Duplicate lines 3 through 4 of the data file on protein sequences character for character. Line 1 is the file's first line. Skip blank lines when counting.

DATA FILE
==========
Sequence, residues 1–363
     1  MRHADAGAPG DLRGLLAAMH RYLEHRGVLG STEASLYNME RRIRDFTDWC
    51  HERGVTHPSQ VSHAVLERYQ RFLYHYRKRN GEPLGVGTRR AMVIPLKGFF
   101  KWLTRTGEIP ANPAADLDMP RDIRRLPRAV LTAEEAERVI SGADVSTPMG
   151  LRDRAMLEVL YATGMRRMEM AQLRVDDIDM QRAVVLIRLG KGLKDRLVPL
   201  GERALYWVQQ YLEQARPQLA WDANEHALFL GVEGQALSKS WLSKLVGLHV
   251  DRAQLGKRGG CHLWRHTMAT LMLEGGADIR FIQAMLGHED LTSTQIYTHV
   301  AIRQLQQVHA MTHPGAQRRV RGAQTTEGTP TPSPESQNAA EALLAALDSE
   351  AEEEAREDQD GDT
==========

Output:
    51  HERGVTHPSQ VSHAVLERYQ RFLYHYRKRN GEPLGVGTRR AMVIPLKGFF
   101  KWLTRTGEIP ANPAADLDMP RDIRRLPRAV LTAEEAERVI SGADVSTPMG